Last Call for the Tel Aviv Metro

Billions are being spent on a light rail system, a hybrid concoction that will run partly underground and partly aboveground. What happened to the Tel Aviv subway?

Moshe_Arens_cropped-150x150By Moshe Arens

Tel Aviv is in disarray. After so many years of dramatic declarations and empty talk about a subway for Tel Aviv, it looks like it is finally beginning to take shape. A bridge is being torn down, tunnels are being dug, rats are coming out of their lairs and shopkeepers are demonstrating and demanding compensation.

Will this be the subway that was originally planned to relieve traffic congestion in Greater Tel Aviv by providing an underground level for public transportation? Like the ones that have existed for decades in New York, London and Paris, and built more recently in Cairo and Athens? You might be disappointed to hear that the answer is no. Billions are being spent on a so-called light rail system — a hybrid concoction that will run part of the way underground and part of the way aboveground. What happened to the Tel Aviv metro?

To answer that question, one must turn to the Finance Ministry. Not the present finance minister, nor its senior officials, but to those who in past years stubbornly held up financing for the project, insisting that Tel Aviv did not need a subway: that buses were the best solution to the congestion in the Tel Aviv area, that some remote city in Brazil should serve as an example of how municipal traffic problems are solved using buses. We must turn to the officials who recruited an academic “traffic expert” to prove that ridership would not be high enough to justify the cost of building a subway. Where are they now, those bureaucrats who condemned the people of metropolitan Tel Aviv to years of congestion and traffic jams? They left their government positions for better-paying jobs in the financial sector, and take no responsibility for the damage they wrought.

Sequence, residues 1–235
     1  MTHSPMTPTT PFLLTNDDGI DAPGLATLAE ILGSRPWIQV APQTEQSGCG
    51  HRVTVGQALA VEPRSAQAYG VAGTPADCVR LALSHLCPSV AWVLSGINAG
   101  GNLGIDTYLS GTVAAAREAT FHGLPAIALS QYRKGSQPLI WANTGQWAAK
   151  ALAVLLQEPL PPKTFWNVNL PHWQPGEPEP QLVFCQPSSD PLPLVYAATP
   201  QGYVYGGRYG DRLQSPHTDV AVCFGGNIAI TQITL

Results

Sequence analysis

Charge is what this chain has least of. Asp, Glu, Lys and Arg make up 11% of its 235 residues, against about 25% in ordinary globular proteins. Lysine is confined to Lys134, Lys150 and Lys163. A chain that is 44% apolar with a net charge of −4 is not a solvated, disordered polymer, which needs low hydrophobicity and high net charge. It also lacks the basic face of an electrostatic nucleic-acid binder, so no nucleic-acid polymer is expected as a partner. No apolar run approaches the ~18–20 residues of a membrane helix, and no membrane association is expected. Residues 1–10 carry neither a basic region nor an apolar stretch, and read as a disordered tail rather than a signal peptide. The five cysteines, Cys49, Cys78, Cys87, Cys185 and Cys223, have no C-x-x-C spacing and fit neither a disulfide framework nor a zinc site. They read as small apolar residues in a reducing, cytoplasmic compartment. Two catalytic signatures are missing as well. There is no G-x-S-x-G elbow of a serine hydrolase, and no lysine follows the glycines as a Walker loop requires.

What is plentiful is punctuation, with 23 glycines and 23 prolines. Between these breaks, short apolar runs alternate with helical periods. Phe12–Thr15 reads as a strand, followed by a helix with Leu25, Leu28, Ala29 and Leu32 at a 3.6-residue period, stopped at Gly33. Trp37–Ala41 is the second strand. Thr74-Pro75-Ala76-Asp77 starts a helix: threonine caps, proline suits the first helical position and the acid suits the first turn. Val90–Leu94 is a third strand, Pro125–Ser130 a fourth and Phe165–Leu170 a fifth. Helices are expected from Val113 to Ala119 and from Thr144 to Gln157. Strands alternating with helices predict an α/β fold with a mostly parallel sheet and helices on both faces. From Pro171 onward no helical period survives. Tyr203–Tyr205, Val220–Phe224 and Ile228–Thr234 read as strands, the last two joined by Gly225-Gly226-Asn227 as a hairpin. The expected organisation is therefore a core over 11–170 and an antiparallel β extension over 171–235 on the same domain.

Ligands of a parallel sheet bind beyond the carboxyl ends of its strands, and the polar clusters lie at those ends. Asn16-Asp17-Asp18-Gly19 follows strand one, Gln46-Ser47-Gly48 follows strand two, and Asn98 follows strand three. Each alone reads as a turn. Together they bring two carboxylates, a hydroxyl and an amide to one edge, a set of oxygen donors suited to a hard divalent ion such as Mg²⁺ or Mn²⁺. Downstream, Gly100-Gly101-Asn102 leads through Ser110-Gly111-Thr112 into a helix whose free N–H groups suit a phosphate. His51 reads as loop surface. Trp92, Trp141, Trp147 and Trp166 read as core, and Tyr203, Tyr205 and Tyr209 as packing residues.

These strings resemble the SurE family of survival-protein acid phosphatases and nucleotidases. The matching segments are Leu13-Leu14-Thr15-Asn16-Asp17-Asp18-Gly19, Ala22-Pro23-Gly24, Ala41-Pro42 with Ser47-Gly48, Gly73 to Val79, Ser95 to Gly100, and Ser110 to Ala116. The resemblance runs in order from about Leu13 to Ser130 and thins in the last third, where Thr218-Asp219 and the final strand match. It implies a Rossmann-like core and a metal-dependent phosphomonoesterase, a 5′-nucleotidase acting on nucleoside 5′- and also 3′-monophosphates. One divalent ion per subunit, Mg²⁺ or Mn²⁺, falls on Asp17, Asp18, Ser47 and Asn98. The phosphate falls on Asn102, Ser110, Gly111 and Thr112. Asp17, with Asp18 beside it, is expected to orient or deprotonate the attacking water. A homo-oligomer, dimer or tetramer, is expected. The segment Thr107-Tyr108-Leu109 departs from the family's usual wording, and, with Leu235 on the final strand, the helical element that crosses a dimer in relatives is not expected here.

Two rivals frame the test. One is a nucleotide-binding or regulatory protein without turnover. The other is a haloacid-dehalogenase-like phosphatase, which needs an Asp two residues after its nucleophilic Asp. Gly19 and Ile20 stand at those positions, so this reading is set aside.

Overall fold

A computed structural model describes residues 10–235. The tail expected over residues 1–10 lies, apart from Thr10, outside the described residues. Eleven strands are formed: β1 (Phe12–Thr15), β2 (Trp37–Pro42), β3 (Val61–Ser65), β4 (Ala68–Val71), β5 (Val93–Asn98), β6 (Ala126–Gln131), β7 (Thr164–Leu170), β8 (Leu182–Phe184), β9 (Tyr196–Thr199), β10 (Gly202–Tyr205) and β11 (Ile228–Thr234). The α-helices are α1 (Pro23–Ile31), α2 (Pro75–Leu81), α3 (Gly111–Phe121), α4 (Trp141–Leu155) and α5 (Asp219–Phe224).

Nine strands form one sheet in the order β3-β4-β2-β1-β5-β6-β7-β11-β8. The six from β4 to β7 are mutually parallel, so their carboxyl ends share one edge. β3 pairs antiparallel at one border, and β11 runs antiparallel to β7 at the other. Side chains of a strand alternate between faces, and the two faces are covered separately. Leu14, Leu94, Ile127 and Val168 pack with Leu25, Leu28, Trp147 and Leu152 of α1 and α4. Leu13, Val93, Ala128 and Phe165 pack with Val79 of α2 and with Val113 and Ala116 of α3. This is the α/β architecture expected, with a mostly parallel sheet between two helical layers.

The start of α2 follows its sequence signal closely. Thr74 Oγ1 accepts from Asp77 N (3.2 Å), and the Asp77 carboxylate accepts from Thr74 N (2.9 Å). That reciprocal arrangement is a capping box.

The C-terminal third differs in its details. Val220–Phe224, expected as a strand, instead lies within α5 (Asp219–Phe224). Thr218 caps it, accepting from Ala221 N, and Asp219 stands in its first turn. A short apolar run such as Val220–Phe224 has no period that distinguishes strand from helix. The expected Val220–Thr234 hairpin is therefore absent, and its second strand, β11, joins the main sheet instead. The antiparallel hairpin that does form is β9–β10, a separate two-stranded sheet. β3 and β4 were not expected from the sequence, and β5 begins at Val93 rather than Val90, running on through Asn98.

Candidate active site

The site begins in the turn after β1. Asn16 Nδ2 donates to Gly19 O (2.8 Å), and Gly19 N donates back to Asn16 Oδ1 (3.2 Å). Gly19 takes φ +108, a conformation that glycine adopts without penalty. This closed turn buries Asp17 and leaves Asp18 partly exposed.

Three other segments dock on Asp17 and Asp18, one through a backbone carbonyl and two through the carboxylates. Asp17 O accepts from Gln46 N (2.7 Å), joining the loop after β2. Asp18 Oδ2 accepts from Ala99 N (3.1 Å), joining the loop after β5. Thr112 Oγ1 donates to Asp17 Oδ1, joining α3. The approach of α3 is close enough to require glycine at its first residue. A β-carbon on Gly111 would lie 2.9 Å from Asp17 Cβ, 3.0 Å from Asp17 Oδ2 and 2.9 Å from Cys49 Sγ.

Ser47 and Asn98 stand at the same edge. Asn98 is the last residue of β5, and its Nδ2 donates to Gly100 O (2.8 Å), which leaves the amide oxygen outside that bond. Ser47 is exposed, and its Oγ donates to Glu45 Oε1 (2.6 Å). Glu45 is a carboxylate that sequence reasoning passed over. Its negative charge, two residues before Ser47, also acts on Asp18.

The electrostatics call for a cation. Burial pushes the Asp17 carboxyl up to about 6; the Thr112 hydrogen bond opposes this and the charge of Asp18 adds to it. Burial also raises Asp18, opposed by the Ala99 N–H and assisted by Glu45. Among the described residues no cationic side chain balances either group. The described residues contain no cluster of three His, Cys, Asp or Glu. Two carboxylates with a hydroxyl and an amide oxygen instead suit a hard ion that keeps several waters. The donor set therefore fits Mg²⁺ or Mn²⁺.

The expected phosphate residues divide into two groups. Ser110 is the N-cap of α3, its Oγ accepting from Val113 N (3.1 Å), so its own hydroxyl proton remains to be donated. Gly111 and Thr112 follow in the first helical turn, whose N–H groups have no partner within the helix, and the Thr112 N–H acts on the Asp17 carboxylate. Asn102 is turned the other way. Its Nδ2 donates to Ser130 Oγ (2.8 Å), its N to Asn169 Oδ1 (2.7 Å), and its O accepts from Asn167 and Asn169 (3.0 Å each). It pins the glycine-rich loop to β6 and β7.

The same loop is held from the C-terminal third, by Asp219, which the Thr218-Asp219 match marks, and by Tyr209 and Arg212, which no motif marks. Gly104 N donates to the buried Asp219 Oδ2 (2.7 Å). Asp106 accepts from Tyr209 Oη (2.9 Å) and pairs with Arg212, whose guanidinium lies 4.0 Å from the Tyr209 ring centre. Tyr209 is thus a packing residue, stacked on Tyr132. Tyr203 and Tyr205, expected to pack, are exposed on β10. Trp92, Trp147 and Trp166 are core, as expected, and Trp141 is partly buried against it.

They were followed by officials who were slightly more reticent in their objections to a subway for Tel Aviv, but who insisted that the project be made “cheaper.” They were, as treasury officials frequently are, penny-wise and pound-foolish. So they arrived at a compromise: The trains would run part of the way underground and part of the way aboveground, thus “saving” the cost of tunneling the entire route. Like the proverbial horse designed by a committee, that turned out to be a camel, the subway project was turned into a light-rail project — a hybrid concoction which is far from being the optimal answer to an urgent problem that costs the country many millions every year.

Is it too late to correct the error? Our Transportation Minister Yisrael Katz, who with his characteristic energy rightly takes pride in getting things done, probably hesitates to introduce delays at this stage of the long-awaited project. But it is not too late to redirect this giant enterprise costing billions in the proper direction: an underground train that runs all the way underground. It should not involve any loss in time.

Without halting the work now in progress, the Transportation Ministry should request an examination of what making the change at this stage would involve. Such a review, which should be carried out by a foreign company with extensive experience in designing and operating subway systems, should not take more than a few months to do. During this period the preparatory work now being carried out, which in any case is in the area where even according to the current plan the trains will run underground, can continue. When the study is completed, a decision can be made: to continue on the present course or to build a proper subway for the greater Tel Aviv area. This is the last chance to give the residents of Tel Aviv the public transportation that will provide the best service. That is what was planned originally and which, but for the obstruction of treasury officials, would have been running by now.

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